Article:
Nfld. & Labrador

As Health Accord review continues, Burin Peninsula mayor warns against drastic service cuts

Residents of the Burin Peninsula are nervous about upcoming recommendations from the provincial health advisory team, concerned that any changes could decimate health-care services in the area, says a mayor from the region.

'How do we fight something if we don't know what we're fighting?' says Marystown Mayor Brian Keating

Marystown Mayor Brian Keating says people are worried that health services will be removed from the Burin Peninsula. (Eastern Health)

Residents of the Burin Peninsula are nervous about upcoming recommendations from the provincial health advisory team, concerned that any changes could decimate health-care services in the area, says a mayor from the region.

Marystown Mayor Brian Keating told CBC Radio's St. John's Morning Show reductions could mean the end of CT scans and bring changes to emergency services and day surgery at hospitals on the Burin Peninsula.

What's most frustrating, according to Keating, is that nobody exactly knows yet what the Health Accord team will recommend to the provincial government. 

"Really the direction they're giving us is no direction. They're actually giving us organized confusion," Keating said. "How do we fight something if we don't know what we're fighting?"

The 25-person team, which recently met with municipal leaders on the Burin Peninsula, is tasked with coming up with a 10-year plan for the future of health care in Newfoundland and Labrador while keeping the province's fiscal situation in mind. The team has been holding consultations in communities across the province.

Keating, who also chairs the Joint Council Health Accord Review Board for the Burin Peninsula, said changes would affect the U.S. Memorial Health Centre in St. Lawrence, the Dr. S. Beckley Health Centre in Grand Bank and the Burin Peninsula Health Care Centre.

Keating says helicopters were unable to service the Burin Peninsula for 250 days last year due to weather conditions. (Sherry Vivian/CBC)

Keating said virtual health care, which could replace some in-person services, won't work on the Burin Peninsula, which has spotty cellphone and internet coverage in areas.

What's more, said Keating, increasing air ambulance services to redirect residents to hospitals in nearby St. John's also won't work. Helicopters were not able to respond to the region for 250 days last year due to weather conditions, he said.

Population decline

The Health Accord team says it's not recommending taking any services from the Burin hospital but, in a statement to CBC News, the group said it's "deeply concerned about the sustainability of services which have very low numbers" such as obstetrics and in-patient surgery.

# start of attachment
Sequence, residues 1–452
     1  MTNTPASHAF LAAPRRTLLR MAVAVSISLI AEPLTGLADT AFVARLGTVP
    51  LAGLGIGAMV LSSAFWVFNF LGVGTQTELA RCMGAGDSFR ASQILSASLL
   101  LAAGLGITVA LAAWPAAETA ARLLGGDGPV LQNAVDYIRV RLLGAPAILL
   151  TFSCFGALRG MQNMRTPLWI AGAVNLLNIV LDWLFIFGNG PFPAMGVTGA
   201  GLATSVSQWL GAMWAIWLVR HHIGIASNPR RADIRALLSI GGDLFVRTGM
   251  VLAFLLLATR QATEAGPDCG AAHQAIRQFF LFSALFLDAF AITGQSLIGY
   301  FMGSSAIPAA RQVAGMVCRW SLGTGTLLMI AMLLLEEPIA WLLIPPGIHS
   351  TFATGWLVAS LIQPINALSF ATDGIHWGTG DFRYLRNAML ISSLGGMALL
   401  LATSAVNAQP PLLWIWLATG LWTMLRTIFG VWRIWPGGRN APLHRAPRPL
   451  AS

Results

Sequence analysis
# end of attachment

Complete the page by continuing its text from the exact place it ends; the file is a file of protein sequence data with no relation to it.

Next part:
According to the group there's been a serious population decline on the Burin Peninsula: about 35 per cent since 1990 — including a 71 per cent decrease in the number of children — with another nine per cent predicted by 2030.

The group also found that hospital occupancy in Burin was only at 53 per cent between 2019 and 2020.

To strengthen the health of residents living on the Burin Peninsula, says the Health Accord statement, the region needs a community team to which every person and every community living there is attached.

"This team brings together family physicians, nurse practitioners and nurses, social workers, mental health professionals, OTs [occupational therapists], physios, pharmacists, and elder-care workers," reads the statement. 

Keating says hundreds of people have been diverted to hospitals in St. John's, such as the Health Sciences Centre. (Paul Daly/CBC)

Health Accord's statement also says the peninsula needs a more integrated ambulance system with advanced care paramedics.

For virtual-care plans, the group said the Burin Peninsula does need broadband coverage for the entire region to help connect members of the community team and ensure smarter use of virtual care.

"Consequently, we believe that the Burin and Clarenville hospitals need to work closely together to address this concern," Health Accord N.L. said.

Keating points to commercial activity in the area — such as a mining project in St. Lawrence, fish plants and a salmon hatchery in the Marystown area — that he hopes will bolster population growth.

"The government is talking out of both sides of their mouth. We're trying to grow and they are trying to say, 'Well, we don't think you're going to succeed,'" said Keating. 

Keating also said he thinks the hospital data doesn't accurately reflect the need on the Burin Peninsula, because people needing health services are often sent to St. John's when they could have doctors nearer to home.

Eastern Health told CBC News it's "committed to delivering the most appropriate care to meet residents' needs," and there are many reasons why patients who live in rural areas may receive services at a location other than their nearest health-care facility.

The health authority said the Health Sciences Centre and St. Clare's Mercy Hospital in St. John's provide tertiary care for residents from across the Eastern Health region and throughout the province.

"This model of health care may require patients to transfer or travel to St. John's because the service, treatment or intervention that is required for the patient is only offered at the tertiary centre," Eastern Health said. 

"Patients are also sometimes seen in St. John's based on need and/or for personal reasons, for example, to be close to certain supports while undergoing treatment."

Read more from CBC Newfoundland and Labrador

With files from The St. John's Morning Show


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